To many people, a measurement sounds mundane, like marking ticks on a ruler or reading the line on a thermometer. It’s a piece of data. And they tend to think that improved measurements look like finer and finer ticks on a ruler — which doesn’t seem very exciting.
But making new measurements is more than just making finer marks on a ruler. To measure something is to understand it, pull it apart and see how it works. New measurements can unlock possibilities that even scientists never thought of when they started out.
Perhaps there is no better example than the optical frequency comb. Very simply, this device is a ruler for light. Yet it’s so much more than a ruler.
Radio waves, microwaves, visible light, X-rays and infrared are all part of a spectrum of electromagnetic frequencies. They’re all waves, traveling at the speed of light, but the distance between the peaks of those waves can be kilometers apart, like some radio waves, or nanometers apart, like visible light and ultraviolet.
In the 1970s, scientists at the National Institute of Standards and Technology (NIST) were stuck. They wanted more precise and accurate atomic clocks, ones based on the very high optical frequencies of light released by atoms as their electrons jump between energy states, as opposed to the lower microwave frequencies they were using. Better clocks would give them a more precise definition of the second. A more precise second would give them a better definition of the meter, which is the distance light travels in a vacuum in a tiny fraction of a second. But all that relied on being able to measure these frequencies of light accurately and precisely.
There was a gap in measurement between these two ends of the electromagnetic spectrum. Scientists could measure radio and microwave frequencies accurately, but there were no electronics that could count fast enough to keep up with the atom’s optical frequencies. They could use a laser with a matching frequency to read the atom’s optical frequency. Scientists had lasers with known, exact frequencies, but they could only produce a single frequency or color. Without knowing the exact frequency of the atom, finding the right frequency laser to read the atom would take a lot of trial and error. NIST scientists tried daisy-chaining several lasers of different frequencies together to make a rudimentary optical ruler. That worked well enough to redefine the meter but wasn’t a long-term solution.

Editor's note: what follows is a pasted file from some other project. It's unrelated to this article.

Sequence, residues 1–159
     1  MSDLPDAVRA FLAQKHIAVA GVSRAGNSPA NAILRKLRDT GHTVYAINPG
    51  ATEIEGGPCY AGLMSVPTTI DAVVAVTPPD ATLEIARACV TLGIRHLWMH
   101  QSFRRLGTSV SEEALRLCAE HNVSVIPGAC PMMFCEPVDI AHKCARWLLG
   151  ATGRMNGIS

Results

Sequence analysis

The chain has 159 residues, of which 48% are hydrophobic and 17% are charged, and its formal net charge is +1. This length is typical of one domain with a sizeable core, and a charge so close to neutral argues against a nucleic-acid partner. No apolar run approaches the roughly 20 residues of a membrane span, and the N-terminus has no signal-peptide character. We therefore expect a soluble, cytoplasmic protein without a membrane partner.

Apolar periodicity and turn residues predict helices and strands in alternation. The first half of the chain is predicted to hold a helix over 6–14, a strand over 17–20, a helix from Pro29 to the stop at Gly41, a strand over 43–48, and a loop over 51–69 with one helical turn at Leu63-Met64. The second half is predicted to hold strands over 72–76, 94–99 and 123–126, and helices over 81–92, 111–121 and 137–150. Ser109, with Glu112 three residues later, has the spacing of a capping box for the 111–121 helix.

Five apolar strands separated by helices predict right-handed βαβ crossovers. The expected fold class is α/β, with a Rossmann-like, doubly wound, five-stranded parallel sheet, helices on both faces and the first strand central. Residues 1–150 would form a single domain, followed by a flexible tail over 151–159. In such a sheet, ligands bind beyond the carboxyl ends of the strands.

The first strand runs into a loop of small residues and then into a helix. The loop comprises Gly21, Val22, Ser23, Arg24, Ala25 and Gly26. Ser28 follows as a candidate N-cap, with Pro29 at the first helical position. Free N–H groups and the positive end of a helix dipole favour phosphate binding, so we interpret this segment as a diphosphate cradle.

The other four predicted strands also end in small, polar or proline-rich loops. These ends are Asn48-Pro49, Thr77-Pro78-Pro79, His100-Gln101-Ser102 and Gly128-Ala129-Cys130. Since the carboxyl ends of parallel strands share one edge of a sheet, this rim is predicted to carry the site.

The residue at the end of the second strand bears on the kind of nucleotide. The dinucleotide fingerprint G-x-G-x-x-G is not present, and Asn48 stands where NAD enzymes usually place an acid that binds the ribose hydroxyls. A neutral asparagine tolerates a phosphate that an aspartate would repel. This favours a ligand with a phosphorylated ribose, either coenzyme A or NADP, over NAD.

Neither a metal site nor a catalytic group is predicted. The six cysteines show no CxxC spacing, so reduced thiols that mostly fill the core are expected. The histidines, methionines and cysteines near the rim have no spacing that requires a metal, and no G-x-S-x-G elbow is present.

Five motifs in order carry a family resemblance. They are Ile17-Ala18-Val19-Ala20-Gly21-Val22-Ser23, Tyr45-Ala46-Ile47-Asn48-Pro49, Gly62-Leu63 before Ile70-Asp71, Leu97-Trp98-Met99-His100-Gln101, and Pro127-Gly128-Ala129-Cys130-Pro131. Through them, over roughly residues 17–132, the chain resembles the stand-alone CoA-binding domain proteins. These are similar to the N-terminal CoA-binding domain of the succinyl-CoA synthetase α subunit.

Enter the frequency comb, a Nobel Prize-winning device and the result of decades of research from NIST and others that you can read about here. The comb generates a billion pulses of light per second, which bounce back and forth inside an optical cavity. This creates millions of spikes of optical frequencies that look like rainbow-colored teeth on a comb (hence the name). The first tooth in that comb is set to a known frequency, which gives scientists a starting point to read the other frequencies. Much like a ruler, if you know the first marker is one millimeter and each marker is a millimeter apart, you can easily start measuring. Similarly, because they know exactly how far apart these frequencies are, scientists can translate these optical signals to microwaves with a simple mathematical formula, joining the two ends of the electromagnetic spectrum. This opens a lot of research doors.
Scientists used this new technology to make better clocks, eventually developing clocks that are 100 times better than the cesium clocks used for civilian time standards. More accurate and precise clocks are critical for GPS navigation, which relies on precise time signals to determine your location. Better clocks also have research advantages, from detecting tiny changes in gravity to studying phenomena of the quantum world and perhaps finding dark matter. These clocks may eventually change how we define a second. But scientists couldn’t have predicted all the other ways the comb would be used.
All atoms and molecules emit unique frequencies of light when they jump between energy states, not just the atoms used in clocks. If one of the frequencies from the comb hits an atom or molecule with the exact same frequency, scientists can identify what kind of atom or molecule they’ve hit. Using the optical frequency comb, scientists could study the composition of stars in exquisite detail. Astrophysicists can tell if they’ve found a new planet by measuring the changes in frequencies of the starlight as well. Using frequency combs, we can improve light-ranging systems, which bounce light off objects to detect them like radar or sonar. They can see objects through flames, helping NIST scientists study how structures fail during a fire.
The comb is also being used to detect even the smallest amounts of greenhouse gases in the air or look for disease in human breath.
All of that because we found a better way to measure light. Isn’t it amazing what a measurement can do?